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Father of ‘hate wedding’ bride blames Shin Bet conspiracy

Lenny Goldberg alleges ‘bad taste’ footage of revelers was orchestrated by security agents; says he doesn’t care about Duma victims

Screenshot from a video showing extremist Israeli Jewish wedding-goers celebrating the killing of the Dawabsha family. (screen capture: Channel 10)
Screenshot from a video showing extremist Israeli Jewish wedding-goers celebrating the killing of the Dawabsha family. (screen capture: Channel 10)

The father of the bride whose wedding guests were filmed celebrating the murder of a Palestinian family has said he has no sympathy for the victims of Jewish attacks, and has claimed the entire affair at the wedding was a conspiracy orchestrated by the Shin Bet internal security service.

Lenny Goldberg, whose daughter Roni’s “hate wedding” in December was featured in a video clip, showing dozens of far-right guests celebrating the Duma firebombing attack with guns, knives and a mock Molotov cocktail, made the claims in a letter to the right-wing news site Israel National News.

“Not only don’t I care about Duma, neither does the Left or the Shin Bet,” wrote Goldberg, explaining that the murder of the Dawabsha family in July was “just a good excuse for them to harass and torture” young far-right activists that “they so despise for the Judaism that they represent.”

The video, aired by Channel 10, also showed revelers holding and stabbing a photo of 18-month-old Ali Dawabsha, who was burned to death in the July 31 firebombing at the family home in the West Bank village of Duma. His parents, Riham and Saad Dawabsha, succumbed to their injuries in the aftermath of the attack.

Goldberg wrote that it was very likely the entire photo-stabbing scene was orchestrated by the Shin Bet in order to deflect widespread right-wing claims that suspects in the Duma case were tortured by the security services.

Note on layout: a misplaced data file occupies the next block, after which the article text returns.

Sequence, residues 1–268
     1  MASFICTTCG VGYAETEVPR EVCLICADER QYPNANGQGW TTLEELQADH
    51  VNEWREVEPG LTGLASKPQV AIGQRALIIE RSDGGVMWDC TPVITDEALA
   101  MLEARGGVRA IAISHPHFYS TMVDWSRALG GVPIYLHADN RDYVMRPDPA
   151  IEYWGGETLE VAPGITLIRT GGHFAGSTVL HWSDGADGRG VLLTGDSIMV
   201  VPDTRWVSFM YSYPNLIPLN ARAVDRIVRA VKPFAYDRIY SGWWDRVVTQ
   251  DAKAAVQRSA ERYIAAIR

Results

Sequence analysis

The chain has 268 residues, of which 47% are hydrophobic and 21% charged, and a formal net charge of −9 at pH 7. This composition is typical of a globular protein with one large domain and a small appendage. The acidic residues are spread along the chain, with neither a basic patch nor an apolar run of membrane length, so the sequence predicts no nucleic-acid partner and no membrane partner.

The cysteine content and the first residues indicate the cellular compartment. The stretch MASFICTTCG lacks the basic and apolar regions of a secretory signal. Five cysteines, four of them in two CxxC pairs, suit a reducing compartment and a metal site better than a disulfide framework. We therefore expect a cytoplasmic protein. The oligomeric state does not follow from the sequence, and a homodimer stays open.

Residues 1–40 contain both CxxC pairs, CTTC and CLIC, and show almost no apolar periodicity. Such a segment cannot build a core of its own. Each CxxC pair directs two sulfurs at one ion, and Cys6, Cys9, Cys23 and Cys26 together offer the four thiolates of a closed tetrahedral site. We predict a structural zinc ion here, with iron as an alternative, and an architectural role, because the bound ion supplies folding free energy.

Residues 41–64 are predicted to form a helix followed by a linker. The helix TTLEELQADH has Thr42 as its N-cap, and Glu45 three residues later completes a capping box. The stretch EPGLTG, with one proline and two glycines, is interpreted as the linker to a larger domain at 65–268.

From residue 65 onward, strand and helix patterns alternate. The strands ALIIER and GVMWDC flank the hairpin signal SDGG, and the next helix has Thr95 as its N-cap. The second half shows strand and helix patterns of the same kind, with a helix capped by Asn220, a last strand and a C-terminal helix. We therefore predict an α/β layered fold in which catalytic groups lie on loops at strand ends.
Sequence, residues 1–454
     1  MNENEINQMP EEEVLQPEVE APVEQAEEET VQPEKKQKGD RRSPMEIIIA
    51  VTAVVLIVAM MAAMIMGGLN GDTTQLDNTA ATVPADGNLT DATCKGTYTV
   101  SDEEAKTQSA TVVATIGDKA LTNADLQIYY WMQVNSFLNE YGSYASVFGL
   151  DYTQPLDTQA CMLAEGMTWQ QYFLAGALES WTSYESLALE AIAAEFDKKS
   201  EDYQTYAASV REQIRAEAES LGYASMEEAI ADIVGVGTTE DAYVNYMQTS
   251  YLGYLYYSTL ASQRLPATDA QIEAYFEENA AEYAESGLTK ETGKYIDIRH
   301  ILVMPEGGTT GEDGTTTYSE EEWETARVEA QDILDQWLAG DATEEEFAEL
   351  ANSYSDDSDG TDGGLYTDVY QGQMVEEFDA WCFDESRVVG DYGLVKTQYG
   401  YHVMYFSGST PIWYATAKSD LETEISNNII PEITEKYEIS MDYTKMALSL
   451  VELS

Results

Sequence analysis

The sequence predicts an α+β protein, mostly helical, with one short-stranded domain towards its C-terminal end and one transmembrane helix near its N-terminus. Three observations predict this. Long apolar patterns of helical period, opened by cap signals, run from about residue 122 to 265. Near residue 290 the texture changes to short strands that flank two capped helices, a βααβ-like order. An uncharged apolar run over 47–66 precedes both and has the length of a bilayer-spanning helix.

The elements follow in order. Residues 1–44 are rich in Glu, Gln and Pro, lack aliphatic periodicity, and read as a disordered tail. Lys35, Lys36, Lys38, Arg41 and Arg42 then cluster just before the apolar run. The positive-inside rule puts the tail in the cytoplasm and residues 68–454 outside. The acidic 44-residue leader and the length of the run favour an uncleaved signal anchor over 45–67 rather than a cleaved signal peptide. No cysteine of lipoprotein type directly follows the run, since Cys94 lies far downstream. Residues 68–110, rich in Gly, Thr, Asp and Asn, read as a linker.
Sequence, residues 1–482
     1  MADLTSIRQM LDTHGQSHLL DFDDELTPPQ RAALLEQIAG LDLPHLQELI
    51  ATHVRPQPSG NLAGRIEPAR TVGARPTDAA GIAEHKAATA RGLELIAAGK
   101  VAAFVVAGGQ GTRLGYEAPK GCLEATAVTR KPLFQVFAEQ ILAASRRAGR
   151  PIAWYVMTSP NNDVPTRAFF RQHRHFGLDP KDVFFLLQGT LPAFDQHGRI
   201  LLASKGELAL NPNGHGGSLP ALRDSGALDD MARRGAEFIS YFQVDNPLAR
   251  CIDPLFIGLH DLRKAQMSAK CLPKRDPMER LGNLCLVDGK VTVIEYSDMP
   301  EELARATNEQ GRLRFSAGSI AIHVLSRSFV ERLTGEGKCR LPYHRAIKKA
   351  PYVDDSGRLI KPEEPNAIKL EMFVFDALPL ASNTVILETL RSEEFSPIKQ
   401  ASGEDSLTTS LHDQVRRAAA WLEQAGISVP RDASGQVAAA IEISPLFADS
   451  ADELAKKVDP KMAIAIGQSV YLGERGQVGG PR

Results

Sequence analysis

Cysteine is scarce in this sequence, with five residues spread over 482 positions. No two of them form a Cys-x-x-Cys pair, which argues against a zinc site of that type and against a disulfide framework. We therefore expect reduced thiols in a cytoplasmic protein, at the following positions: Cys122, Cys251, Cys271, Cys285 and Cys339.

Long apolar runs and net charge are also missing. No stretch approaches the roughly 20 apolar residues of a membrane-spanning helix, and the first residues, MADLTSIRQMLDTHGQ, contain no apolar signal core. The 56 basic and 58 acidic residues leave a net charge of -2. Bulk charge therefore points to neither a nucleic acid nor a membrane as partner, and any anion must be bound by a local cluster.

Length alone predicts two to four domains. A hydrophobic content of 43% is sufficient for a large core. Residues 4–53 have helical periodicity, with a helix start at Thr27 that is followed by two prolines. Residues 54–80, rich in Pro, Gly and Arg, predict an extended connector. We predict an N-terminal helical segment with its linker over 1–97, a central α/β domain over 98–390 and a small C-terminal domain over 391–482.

Lenny Goldberg (Facebook)
Lenny Goldberg (Facebook)

“I really don’t know who brought those pictures anyway. Knowing the hilltop youth, I can tell you that photographing pictures and mounting them on signs is not their specialty,” he said, using the colloquial name for young, hard-line settler youth. “If you look closely, everyone dancing is wearing white shirts, but the guys holding the signs are wearing jackets and their faces are blurred.

“And even if those holding the signs are not Shin Bet agents themselves, it’s no problem to give the signs to some overzealous youth and let him run with it. We know for sure that the Shin Bet had a heavy presence at the wedding.”

While Goldberg, a follower of the late far-right rabbi Meir Kahane, said he thought the photo incident was “in bad taste,” he stressed that “I’m much more concerned about the Jews who are being knifed in Israel every single day — not pictures of Jews, but real live ones.”

Three people arrested over the wedding video were released to house arrest on Thursday, after the police decided not to appeal the move. The courts had ordered that the three — groom Yakir Ashbel, far-right activist Daniel Pinner and an unnamed minor — be sent home on Wednesday, but delayed their releases in order to grant the police time to appeal. The police later said they would not object to the court order, and the trio were sent home on Thursday.

The suspects were arrested on Tuesday, and questioned for alleged incitement and illegal handling of firearms.

File: Yakir Ashbel (center), the groom from what came to be known as the 'hate wedding' is brought to the Jerusalem Magistrate's Court on December 31, 2015 after being arrested on suspicion of hate and racist incitement at his wedding celebration (Flash90)
Yakir Ashbel (center), the groom of what came to be known as the ‘hate wedding,’ is taken to the Jerusalem Magistrate’s Court on December 31, 2015, after being arrested on suspicion of hate and racist incitement at his wedding celebration. (Flash90, File)
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